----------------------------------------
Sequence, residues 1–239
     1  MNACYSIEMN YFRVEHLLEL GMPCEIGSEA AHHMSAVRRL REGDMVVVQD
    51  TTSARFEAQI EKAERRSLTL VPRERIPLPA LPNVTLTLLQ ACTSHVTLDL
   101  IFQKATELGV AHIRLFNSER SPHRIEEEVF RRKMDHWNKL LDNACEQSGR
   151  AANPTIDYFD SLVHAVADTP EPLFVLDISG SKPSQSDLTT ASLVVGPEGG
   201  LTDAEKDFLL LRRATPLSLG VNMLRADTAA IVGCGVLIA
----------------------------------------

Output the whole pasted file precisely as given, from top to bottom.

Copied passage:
Sequence, residues 1–239
     1  MNACYSIEMN YFRVEHLLEL GMPCEIGSEA AHHMSAVRRL REGDMVVVQD
    51  TTSARFEAQI EKAERRSLTL VPRERIPLPA LPNVTLTLLQ ACTSHVTLDL
   101  IFQKATELGV AHIRLFNSER SPHRIEEEVF RRKMDHWNKL LDNACEQSGR
   151  AANPTIDYFD SLVHAVADTP EPLFVLDISG SKPSQSDLTT ASLVVGPEGG
   201  LTDAEKDFLL LRRATPLSLG VNMLRADTAA IVGCGVLIA